Note that it is pretty much a matter of house style whether you have spaces between the dots of the ellipsis, and whether you have one before the ellipsis. Also, it seems that in the internet age of typed communication, where it is difficult to indicate inflection, we have come to use the ellipsis as a pause in speech...technically this is not correct because there are no actual words that we're omitting, but oh well. Some people (.) have taken this ellipsis liberty to a new level and have begun the ghastly practice of only using two (2) dots (..) to indicate an ellipsis...!

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Postby . » Sun Aug 22, 2004 7:34 pm

Hey! I have tried not to do it as much! Well, kind of. And anyway, I don't use the 2/3 ellipsis as an actual ellipsis. I use it when I don't feel like forming actual sentences, which is probably just as bad in your book. Nevermind.

..

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Postby Too-Much-Coffee Mistress » Sun Aug 22, 2004 8:08 pm

I wouldn't worry too much, plut. I think I've got you pretty handily beat when it comes to the overuse of ... not so much the shortening, though...
"The release of atom power has changed everything except our way of thinking...the solution to this problem lies in the heart of mankind. If only I had known, I should have become a watchmaker." - Albert Einstein

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Postby Foo-Byte » Mon Aug 23, 2004 12:12 pm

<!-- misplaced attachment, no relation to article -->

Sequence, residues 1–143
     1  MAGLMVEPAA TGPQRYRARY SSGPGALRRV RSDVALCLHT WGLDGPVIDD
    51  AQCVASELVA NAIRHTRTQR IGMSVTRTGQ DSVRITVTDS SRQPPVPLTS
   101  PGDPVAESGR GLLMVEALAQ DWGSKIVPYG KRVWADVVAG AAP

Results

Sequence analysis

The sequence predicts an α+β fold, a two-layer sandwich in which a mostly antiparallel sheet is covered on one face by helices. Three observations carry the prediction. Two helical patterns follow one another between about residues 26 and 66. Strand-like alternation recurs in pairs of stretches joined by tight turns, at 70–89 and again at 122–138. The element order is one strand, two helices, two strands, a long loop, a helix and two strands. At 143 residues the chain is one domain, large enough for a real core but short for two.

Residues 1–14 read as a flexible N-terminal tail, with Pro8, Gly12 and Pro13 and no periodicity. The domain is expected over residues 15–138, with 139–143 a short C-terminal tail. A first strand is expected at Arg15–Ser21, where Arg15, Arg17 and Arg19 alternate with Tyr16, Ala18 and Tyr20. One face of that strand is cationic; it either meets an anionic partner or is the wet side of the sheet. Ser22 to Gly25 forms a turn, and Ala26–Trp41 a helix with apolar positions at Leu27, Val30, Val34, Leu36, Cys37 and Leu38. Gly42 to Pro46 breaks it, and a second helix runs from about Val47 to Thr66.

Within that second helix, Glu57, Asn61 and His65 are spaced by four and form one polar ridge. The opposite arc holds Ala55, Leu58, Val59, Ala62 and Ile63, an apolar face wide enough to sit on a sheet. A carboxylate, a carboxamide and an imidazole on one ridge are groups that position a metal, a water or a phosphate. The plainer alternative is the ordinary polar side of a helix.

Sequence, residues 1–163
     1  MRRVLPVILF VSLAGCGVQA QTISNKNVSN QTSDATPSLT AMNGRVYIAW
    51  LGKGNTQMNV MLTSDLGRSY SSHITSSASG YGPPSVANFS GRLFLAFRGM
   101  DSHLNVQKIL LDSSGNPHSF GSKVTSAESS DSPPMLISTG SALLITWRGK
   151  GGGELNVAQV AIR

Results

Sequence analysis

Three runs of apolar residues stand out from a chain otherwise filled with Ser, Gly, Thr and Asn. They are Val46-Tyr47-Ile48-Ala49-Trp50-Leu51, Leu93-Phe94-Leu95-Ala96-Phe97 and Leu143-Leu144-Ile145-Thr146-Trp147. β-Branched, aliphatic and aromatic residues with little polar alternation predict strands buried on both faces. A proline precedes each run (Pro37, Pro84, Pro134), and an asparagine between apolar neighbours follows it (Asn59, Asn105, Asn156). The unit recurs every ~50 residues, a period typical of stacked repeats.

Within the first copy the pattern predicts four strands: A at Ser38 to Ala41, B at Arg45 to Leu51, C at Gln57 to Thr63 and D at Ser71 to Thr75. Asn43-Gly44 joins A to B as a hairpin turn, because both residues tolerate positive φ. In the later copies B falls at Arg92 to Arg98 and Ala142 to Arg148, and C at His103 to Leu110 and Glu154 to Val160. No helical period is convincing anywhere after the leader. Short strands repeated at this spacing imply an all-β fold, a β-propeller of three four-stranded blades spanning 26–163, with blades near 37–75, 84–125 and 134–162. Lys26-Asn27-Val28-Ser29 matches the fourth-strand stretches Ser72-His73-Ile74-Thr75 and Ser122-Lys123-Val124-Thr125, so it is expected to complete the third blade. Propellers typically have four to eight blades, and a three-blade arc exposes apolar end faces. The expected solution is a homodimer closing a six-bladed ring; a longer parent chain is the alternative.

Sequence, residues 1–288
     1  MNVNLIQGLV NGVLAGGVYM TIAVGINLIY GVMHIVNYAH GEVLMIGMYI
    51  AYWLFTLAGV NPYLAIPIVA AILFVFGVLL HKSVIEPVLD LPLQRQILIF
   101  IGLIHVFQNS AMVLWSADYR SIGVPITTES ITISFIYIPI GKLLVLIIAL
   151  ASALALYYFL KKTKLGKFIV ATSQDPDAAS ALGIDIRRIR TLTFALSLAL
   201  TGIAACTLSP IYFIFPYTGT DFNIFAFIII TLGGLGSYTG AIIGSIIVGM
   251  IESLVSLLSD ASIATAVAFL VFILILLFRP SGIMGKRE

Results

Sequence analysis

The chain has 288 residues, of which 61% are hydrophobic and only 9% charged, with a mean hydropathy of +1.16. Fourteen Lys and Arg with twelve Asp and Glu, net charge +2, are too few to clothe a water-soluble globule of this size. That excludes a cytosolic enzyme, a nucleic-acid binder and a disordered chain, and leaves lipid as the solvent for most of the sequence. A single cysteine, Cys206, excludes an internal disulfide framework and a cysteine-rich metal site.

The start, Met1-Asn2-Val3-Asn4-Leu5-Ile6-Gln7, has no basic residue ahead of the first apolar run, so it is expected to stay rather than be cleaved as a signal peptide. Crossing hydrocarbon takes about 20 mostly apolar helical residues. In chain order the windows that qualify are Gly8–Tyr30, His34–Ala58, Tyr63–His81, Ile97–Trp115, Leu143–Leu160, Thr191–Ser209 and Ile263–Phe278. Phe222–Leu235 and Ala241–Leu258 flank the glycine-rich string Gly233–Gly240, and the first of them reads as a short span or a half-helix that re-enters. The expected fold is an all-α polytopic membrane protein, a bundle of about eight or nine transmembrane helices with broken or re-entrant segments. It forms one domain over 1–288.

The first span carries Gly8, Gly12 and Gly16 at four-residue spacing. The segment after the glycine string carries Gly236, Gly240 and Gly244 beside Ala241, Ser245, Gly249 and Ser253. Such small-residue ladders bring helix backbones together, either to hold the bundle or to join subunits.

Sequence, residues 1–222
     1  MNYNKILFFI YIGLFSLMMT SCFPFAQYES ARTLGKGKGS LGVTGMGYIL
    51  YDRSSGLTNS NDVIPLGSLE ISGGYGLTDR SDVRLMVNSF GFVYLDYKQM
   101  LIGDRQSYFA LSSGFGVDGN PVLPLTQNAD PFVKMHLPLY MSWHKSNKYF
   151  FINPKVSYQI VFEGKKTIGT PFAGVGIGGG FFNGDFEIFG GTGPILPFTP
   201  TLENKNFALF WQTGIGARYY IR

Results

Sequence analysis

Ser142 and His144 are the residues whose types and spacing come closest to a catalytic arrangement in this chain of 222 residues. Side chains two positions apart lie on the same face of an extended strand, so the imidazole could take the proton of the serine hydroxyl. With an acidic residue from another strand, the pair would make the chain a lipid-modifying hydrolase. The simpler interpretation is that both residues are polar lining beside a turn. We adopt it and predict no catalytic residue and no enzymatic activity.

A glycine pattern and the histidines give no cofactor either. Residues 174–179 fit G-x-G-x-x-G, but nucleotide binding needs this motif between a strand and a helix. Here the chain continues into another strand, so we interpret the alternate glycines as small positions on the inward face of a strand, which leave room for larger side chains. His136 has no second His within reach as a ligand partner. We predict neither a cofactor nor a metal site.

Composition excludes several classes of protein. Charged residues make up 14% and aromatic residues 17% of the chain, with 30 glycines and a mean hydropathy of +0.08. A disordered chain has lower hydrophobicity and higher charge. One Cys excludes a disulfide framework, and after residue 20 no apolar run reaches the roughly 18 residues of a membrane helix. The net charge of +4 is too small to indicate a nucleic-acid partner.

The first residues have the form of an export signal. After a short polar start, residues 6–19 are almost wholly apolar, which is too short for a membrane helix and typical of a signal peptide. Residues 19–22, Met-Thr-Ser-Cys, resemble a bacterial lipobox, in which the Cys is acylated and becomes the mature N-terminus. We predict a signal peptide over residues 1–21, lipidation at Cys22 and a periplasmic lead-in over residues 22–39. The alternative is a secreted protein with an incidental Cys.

Bag of Ass wrote:Another rule, if sentences are omitted between other sentences within a quotation, use ellipsis marks after the ending punctuation mark of the preceding sentence.
    The United States has won seven gold medals.... Can you tell me what happened to Michael Phelps when he raced against Ian Thorpe?

So in this example there is no missing sentence. However, if there was a missing sentence it should read
    The United States has won seven gold medals....... Can you tell me what happened to Michael Phelps when he raced against Ian Thorpe?

That is, one ellipsis to indicate missing words from the first sentence, the closing period, and an additional ellipsis to indicate additional missing sentences?

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Postby Bag of Ass » Mon Aug 23, 2004 2:48 pm

No, you're to assume there's a missing sentence. You're never supposed to have more than one ellipsis in a row.

Today's word is: sangfroid.
sang-froid or sang·froid
n.
Coolness and composure, especially in trying circumstances.

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Lobstrosity
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Postby Lobstrosity » Mon Aug 23, 2004 3:40 pm

The literal translation of that is "Cold blood."

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Postby Gobo » Mon Aug 23, 2004 4:26 pm

French sucks.... take it from someone who knows.

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Postby Bag of Ass » Mon Aug 23, 2004 5:18 pm

One of the rare times when I agree with your assessment.